And guess what? 2019 = 3 x 667, the first prime number after 666. So I decided to see if I could find an all-prime magic squares whose magic total was 2019. I found nine of them (and 9 = 3 x 3).

1117 0019 0883
0439 0673 0907
0463 1327 0229 (Magic=2019)

1069 0067 0883
0487 0673 0859
0463 1279 0277 (Magic=2019)

1063 0229 0727
0337 0673 1009
0619 1117 0283 (Magic=2019)

0883 0313 0823
0613 0673 0733
0523 1033 0463 (Magic=2019)

0619 0337 1063
1117 0673 0229
0283 1009 0727 (Magic=2019)

0463 0439 1117
1327 0673 0019
0229 0907 0883 (Magic=2019)

0463 0487 1069
1279 0673 0067
0277 0859 0883 (Magic=2019)

0379 0607 1033
1327 0673 0019
0313 0739 0967 (Magic=2019)

0523 0613 0883
1033 0673 0313
0463 0733 0823 (Magic=2019)

Pi and By

Here’s √2 in base 2:

√2 = 1.01101010000010011110... (base=2)

And in base 3:

√2 = 1.10201122122200121221... (base=3)

And in bases 4, 5, 6, 7, 8, 9 and 10:

√2 = 1.12220021321212133303... (b=4)
√2 = 1.20134202041300003420... (b=5)
√2 = 1.22524531420552332143... (b=6)
√2 = 1.26203454521123261061... (b=7)
√2 = 1.32404746317716746220... (b=8)
√2 = 1.36485805578615303608... (b=9)
√2 = 1.41421356237309504880... (b=10)

And here’s π in the same bases:

π = 11.00100100001111110110... (b=2)
π = 10.01021101222201021100... (b=3)
π = 03.02100333122220202011... (b=4)
π = 03.03232214303343241124... (b=5)
π = 03.05033005141512410523... (b=6)
π = 03.06636514320361341102... (b=7)
π = 03.11037552421026430215... (b=8)
π = 03.12418812407442788645... (b=9)
π = 03.14159265358979323846... (b=10)

Mathematicians know that in all standard bases, the digits of √2 and π go on for ever, without falling into any regular pattern. These numbers aren’t merely irrational but transcedental. But are they also normal? That is, in each base b, do the digits 0 to [b-1] occur with the same frequency 1/b? (In general, a sequence of length l will occur in a normal number with frequency 1/(b^l).) In base 2, are there as many 1s as 0s in the digits of √2 and π? In base 3, are there as many 2s as 1s and 0s? And so on.

It’s a simple question, but so far it’s proved impossible to answer. Another question starts very simple but quickly gets very difficult. Here are the answers so far at the Online Encyclopedia of Integer Sequences (OEIS):

2, 572, 8410815, 59609420837337474 – A049364

The sequence is defined as the “Smallest number that is digitally balanced in all bases 2, 3, … n”. In base 2, the number 2 is 10, which has one 1 and one 0. In bases 2 and 3, 572 = 1000111100 and 210012, respectively. 1000111100 has five 1s and five 0s; 210012 has two 2s, two 1s and two 0s. Here are the numbers of A049364 in the necessary bases:

10 (n=2)
1000111100, 210012 (n=572)
100000000101011010111111, 120211022110200, 200011122333 (n=8410815)
11010011110001100111001111010010010001101011100110000010, 101201112000102222102011202221201100, 3103301213033102101223212002, 1000001111222333324244344 (n=59609420837337474)

But what number, a(6), satisfies the definition for bases 2, 3, 4, 5 and 6? According to the notes at the OEIS, a(6) > 5^434. That means finding a(6) is way beyond the power of present-day computers. But I assume a quantum computer could crack it. And maybe someone will come up with a short-cut or even an algorithm that supplies a(b) for any base b. Either way, I think we’ll get there, π and by.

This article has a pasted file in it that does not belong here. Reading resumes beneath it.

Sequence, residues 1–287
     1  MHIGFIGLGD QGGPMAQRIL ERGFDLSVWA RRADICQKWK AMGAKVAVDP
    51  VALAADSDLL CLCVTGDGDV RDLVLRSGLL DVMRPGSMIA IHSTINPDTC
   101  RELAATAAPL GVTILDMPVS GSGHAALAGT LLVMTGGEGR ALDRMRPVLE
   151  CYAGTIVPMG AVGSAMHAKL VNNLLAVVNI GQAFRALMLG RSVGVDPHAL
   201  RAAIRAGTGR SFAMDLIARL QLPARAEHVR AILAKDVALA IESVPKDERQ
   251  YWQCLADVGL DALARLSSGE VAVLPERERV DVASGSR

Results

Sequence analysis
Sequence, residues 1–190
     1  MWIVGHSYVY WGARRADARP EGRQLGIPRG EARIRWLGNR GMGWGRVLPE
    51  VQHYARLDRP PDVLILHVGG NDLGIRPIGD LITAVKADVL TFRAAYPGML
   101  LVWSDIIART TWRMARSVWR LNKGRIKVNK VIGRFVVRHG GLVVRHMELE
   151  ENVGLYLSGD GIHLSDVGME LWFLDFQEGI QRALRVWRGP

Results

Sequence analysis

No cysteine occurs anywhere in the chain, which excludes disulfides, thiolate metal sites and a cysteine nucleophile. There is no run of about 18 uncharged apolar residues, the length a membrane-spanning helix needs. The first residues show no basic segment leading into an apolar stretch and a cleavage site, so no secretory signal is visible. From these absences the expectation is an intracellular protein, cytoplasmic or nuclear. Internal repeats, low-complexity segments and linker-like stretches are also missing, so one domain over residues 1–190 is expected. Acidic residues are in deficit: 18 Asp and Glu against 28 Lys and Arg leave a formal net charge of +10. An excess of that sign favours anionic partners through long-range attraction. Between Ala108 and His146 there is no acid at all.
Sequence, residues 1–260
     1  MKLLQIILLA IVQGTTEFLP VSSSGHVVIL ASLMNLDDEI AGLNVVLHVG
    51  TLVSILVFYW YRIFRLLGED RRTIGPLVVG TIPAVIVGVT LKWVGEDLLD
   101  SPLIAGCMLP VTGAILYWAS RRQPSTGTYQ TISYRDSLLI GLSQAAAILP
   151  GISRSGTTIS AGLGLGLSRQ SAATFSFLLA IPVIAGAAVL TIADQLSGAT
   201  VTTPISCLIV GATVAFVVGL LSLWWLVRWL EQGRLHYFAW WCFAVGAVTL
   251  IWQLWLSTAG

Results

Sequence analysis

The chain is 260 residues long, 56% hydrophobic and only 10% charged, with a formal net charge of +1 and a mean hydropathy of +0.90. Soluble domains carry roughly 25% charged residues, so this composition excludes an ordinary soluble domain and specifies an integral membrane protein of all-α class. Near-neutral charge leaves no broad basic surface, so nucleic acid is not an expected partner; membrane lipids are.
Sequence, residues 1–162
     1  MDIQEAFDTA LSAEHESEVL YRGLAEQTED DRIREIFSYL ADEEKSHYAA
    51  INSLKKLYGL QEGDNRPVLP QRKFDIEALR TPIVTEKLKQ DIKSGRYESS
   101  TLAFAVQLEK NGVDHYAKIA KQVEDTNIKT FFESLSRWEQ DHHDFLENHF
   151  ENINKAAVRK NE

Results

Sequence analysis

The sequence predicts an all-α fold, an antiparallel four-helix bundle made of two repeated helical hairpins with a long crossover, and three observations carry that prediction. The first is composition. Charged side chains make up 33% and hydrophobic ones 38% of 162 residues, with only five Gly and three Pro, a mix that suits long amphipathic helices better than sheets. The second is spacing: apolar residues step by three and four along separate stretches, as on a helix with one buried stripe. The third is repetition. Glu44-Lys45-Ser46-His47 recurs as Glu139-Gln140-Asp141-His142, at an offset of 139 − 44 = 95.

A Seriously Sizzling Series of Super-Saucy Salvadisms

Some good quotes by Salvador Dalí (1904-89), who will need no introduction to keyly committed core components of the quixotically contrarian community. The Spanish should be reliable, but the English translations may not be (coz i dun em).

• A los seis años quería ser cocinero. A los siete quería ser Napoleón. Mi ambición no ha hecho más que crecer; ahora sólo quiero ser Salvador Dalí y nada más. Por otra parte, esto es muy difícil, ya que, a medida que me acerco a Salvador Dalí, él se aleja de mí.
 — At six years of age I wanted to be a chef. At seven I wanted to be Napoleon. My ambition has only grown since then, but now I only want to be Salvador Dalí and nothing more. Still, it’s very difficult, because the closer I get to Salvador Dalí, the further he gets from me.

• El canibalismo es una de las manifestaciones más evidentes de la ternura.
 — Cannibalism is a sure sign of affection.

• El que quiere interesar a los demás tiene que provocarlos.
 — He who wishes to interest other people needs to provoke them.

• …Es curioso, a mi me interesa mucho mas hablar, o estar en contacto con la gente que piensa lo contrario de lo que yo pienso, que de los que piensan lo mismo que pienso yo.
 — …It’s strange, but I’d much rather talk with or be in touch with people who think the opposite of what I think than with those who think the same as I do.

• Es fácil reconocer si el hombre tiene gusto: la alfombra debe combinar con las cejas.
 — It’s easy to tell if a man has good taste: his carpet should harmonize with his eyebrows.

• De ninguna manera volveré a México. No soporto estar en un país más surrealista que mis pinturas.
 — Under no circumstances will I return to Mexico. I cannot bear to be in a country more surreal than my own paintings.

• Hoy, el gusto por el defecto es tal que sólo parecen geniales las imperfecciones y sobre todo la fealdad. Cuando una Venus se parece a un sapo, los seudoestetas contemporáneos exclaman: ¡Es fuerte, es humano!